- Identify at least two people whom employees can go to with complaints, and spell that out in your policy, Hament says. That could be corporate HR and a supervisor in larger companies or an assistant manager and general manager in smaller operations.
- Explain your retaliation policy. In training, emphasize that you treat retaliation the same as discrimination and harassment, Segal says. You don’t want employees not to report harassment for fear of losing their job, poor assignments/fewer tables or other retaliatory measures. “You want to send a really clear message,” Segal says. “From a business standpoint, you don’t want people so afraid to raise something internally that they raise it with lawyers.”
- Train managers (or HR) to respond without re-victimizing the employee who believes he or she is the object of harassment, Segal says. For example, in the case of an inappropriate comment, supervisors should focus their response only on the person who made the inappropriate statement, not the person it was directed at. The supervisor should address the issue right after the incident occurred, so anyone present will know the comment didn’t go unnoticed. Then supervisor then should say he or she will speak privately to the person who made the comment. Generally, disciplinary action should take place in private.
What to avoid: Phrases like “Let it go,” or “I know it’s wrong, but it’s not that bad.” Don’t ask someone in a protected group whether he or she was offended by an inappropriate comment. Likewise, don’t look toward that person when an offensive comment is made and say the commenter was joking. Such behavior also sends an implicit message that if the person weren’t present, the company wouldn’t have a problem with the behavior.
- Get the facts, and treat all complaints seriously, Hament says. Make sure you find out who, what, where and when. Talk to other people who are witnesses.
- Keep it confidential. Reassure the victim you are keeping the issue confidential because of privacy issues, Hament says. If you start gossiping about it, you also weaken the integrity of your policy. “You’ll have these situations simmering all the time,” he says.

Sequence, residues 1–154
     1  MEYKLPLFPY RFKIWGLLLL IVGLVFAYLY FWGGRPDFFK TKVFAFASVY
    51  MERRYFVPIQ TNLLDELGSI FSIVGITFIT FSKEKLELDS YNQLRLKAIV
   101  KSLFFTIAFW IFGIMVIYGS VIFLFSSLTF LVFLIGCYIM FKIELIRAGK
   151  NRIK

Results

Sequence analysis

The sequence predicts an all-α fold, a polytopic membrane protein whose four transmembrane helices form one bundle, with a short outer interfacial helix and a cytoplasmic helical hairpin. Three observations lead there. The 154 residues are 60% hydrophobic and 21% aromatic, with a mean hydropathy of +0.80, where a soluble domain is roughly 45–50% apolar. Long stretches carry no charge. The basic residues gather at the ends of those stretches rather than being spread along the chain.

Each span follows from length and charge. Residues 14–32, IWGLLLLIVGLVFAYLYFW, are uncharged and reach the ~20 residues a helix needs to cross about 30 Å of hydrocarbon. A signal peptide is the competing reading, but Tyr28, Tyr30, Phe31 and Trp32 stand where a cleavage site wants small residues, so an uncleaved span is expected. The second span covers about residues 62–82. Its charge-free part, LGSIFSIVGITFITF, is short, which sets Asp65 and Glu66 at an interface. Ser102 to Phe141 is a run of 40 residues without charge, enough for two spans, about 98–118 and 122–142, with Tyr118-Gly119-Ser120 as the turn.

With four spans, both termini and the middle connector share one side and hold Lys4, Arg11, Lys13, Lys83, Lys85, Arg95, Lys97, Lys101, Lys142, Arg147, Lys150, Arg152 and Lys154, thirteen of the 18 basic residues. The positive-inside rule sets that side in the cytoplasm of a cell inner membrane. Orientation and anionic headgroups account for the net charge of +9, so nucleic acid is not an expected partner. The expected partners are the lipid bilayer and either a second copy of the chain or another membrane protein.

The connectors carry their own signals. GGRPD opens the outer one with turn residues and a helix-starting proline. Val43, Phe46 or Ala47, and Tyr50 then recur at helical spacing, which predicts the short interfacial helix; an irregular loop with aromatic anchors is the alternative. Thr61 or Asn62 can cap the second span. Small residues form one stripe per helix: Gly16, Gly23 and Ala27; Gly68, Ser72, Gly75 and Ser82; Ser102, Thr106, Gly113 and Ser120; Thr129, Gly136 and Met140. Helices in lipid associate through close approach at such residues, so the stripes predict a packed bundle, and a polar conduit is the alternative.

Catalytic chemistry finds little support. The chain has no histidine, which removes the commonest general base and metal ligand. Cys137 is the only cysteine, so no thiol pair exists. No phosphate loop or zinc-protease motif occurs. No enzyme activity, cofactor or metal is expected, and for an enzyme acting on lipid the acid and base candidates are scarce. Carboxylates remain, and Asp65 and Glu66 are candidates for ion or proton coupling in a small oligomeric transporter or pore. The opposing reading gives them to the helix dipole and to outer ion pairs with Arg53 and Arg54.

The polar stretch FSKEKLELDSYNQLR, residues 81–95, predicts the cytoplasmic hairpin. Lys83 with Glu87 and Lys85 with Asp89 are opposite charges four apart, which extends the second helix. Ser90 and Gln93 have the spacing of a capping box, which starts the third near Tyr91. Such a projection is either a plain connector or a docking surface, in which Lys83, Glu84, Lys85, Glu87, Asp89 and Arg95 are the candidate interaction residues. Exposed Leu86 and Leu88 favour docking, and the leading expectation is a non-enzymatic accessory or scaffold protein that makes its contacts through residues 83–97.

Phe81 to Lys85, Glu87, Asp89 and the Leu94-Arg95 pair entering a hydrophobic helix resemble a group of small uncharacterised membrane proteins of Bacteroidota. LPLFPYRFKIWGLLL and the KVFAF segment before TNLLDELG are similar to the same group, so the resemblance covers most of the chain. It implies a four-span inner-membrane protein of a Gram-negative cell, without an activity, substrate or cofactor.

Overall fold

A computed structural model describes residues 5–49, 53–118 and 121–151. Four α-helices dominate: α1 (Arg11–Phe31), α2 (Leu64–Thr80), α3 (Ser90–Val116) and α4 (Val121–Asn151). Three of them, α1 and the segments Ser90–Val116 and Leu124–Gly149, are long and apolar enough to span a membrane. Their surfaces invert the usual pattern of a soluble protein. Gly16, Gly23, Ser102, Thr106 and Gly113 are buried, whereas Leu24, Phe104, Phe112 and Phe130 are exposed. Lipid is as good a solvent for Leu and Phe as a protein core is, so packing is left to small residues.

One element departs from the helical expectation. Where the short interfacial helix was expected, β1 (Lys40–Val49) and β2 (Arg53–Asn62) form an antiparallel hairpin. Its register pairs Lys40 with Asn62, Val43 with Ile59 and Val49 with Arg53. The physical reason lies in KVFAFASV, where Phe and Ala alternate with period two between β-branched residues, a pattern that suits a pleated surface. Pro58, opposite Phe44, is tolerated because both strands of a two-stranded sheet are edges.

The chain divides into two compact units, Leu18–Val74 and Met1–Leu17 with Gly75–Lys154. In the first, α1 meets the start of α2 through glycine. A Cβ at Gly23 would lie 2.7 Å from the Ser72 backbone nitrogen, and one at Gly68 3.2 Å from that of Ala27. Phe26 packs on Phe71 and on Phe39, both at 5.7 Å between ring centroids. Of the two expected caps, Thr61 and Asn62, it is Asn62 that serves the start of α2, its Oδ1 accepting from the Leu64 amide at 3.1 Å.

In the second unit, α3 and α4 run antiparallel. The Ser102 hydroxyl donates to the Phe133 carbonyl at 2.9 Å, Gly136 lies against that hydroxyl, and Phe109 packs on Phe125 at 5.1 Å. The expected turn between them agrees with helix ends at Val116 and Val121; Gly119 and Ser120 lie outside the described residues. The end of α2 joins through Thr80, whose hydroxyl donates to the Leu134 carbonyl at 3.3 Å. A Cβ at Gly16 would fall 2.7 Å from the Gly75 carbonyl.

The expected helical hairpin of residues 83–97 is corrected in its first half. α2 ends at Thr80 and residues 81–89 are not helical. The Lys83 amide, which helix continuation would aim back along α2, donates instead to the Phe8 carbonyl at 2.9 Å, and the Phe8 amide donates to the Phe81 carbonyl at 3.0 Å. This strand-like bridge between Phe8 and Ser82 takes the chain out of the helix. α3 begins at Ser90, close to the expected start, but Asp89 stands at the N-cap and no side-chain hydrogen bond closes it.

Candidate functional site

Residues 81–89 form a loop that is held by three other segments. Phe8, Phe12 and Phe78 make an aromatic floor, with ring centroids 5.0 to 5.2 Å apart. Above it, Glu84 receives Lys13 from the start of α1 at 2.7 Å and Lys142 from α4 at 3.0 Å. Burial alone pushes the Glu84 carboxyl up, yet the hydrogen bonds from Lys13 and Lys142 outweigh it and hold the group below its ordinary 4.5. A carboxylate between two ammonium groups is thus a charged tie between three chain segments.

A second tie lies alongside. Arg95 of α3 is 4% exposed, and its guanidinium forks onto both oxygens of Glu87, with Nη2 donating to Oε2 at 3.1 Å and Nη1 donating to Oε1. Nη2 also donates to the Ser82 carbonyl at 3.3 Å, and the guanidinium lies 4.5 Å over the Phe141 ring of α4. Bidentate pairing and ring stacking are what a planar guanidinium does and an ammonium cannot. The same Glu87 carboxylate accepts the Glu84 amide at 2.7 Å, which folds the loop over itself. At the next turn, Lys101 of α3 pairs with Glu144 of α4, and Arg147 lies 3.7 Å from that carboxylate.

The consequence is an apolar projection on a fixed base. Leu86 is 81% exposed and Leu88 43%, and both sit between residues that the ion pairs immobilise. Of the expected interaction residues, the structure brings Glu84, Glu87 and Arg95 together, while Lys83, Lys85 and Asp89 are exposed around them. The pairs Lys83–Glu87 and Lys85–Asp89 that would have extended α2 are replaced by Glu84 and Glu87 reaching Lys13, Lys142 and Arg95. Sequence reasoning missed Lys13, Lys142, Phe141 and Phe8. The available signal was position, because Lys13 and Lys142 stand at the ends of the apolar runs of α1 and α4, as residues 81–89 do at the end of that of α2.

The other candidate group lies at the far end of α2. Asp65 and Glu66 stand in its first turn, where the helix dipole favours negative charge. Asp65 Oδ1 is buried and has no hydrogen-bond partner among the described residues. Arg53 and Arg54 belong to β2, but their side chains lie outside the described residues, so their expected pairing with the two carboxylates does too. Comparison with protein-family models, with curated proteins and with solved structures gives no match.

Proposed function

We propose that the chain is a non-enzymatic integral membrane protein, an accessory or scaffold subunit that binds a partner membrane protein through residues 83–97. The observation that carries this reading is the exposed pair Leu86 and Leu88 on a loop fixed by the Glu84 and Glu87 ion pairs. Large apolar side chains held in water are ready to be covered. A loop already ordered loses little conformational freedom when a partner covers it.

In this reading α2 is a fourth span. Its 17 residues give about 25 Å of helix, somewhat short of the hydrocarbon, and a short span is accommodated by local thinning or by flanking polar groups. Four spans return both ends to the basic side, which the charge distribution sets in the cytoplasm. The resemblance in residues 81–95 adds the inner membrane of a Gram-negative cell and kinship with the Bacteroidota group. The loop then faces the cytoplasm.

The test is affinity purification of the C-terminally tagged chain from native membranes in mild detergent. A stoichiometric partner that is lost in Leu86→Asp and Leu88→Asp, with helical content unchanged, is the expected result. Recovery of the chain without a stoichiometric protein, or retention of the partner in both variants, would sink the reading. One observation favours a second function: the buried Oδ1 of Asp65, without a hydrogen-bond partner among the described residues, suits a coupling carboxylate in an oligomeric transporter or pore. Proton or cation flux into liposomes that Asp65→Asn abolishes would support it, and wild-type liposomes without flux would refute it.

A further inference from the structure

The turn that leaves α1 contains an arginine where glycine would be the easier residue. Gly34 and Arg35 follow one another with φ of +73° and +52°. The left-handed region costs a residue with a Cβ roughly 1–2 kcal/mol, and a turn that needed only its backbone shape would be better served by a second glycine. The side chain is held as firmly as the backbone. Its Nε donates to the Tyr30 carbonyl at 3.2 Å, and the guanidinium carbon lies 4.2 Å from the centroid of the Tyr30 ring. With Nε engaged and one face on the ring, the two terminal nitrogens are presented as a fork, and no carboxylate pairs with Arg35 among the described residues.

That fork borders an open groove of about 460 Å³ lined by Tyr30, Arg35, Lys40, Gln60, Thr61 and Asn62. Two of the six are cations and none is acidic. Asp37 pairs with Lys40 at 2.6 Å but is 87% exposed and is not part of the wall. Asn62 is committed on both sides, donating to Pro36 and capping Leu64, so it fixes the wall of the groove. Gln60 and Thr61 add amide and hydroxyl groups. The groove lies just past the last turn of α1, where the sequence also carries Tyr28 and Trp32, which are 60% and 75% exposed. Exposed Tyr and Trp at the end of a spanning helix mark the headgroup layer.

- Remember: You are obligated to keep the situation confidential, but be careful you don’t tell employees not to discuss it, Hament says. Employees have a right to bond together and speak about conditions of their employment, according to National Labor Relations Board.
- Take corrective action, Hament says. If a supervisor does nothing, his or her silence could appear to condone the harassment, Segal says.
- Ensure discipline is consistent and doesn’t give (or create the appearance of) undue favor to any employee, the EEOC recommends.
- Consider the severity or pervasiveness of the conduct to determine corrective action, such as coaching, discipline or termination. If someone made a stupid joke, counsel and warn him or her about it, Hament says. If the conduct is more serious, such as using a slur, you might look at a final warning, Segal says. If someone uses a hate word or touches personal areas, you probably should consider termination, he says.
Other factors to consider: the harasser’s position in the organization (the higher up, the higher the expectations), prior issues, and how the organization has responded to similar incidents.
Follow up with the victim
- Thank him or her for filing the complaint and explain that you are taking it seriously, Hament says. Tell him or her you’ll do your best to look into it and do what’s right, Segal says.
- During the investigation, assure the victim you are investigating his/her allegations.
- Assure the victim that you won’t tolerate any form of retaliation. Ask her/him to immediately report any concerns about retaliation.
- After you complete the investigation, meet with victim and let him/her know the outcome. “If you don’t follow up, he or she will likely think you haven’t done anything,” he says.
- After the investigation and wrap-up meeting, follow up a few times with the victimto make sure there are no continuing concerns. That shows you really care about him or her and helps ensure a safe workplace, Hament says.
Train supervisors how to document interviews, evaluations and corrective action. If you get sued, it’s important to support your case with good documentation, Hament says. Although some states allow employers to dismiss someone without establishing just cause, you still have to show why you terminated someone in discrimination or retaliation cases.
This article shouldn’t be construed as legal advice or pertaining to specific factual situations. Consult your legal counsel about circumstances specific to your restaurant.
Equal Employment Opportunity Commission’s Select Task Force on the Study of Harassment in the Workplace
Report of the EEOC task force
Laws enforced by the EEOC
NRA Harassment and Discrimination Prevention DVD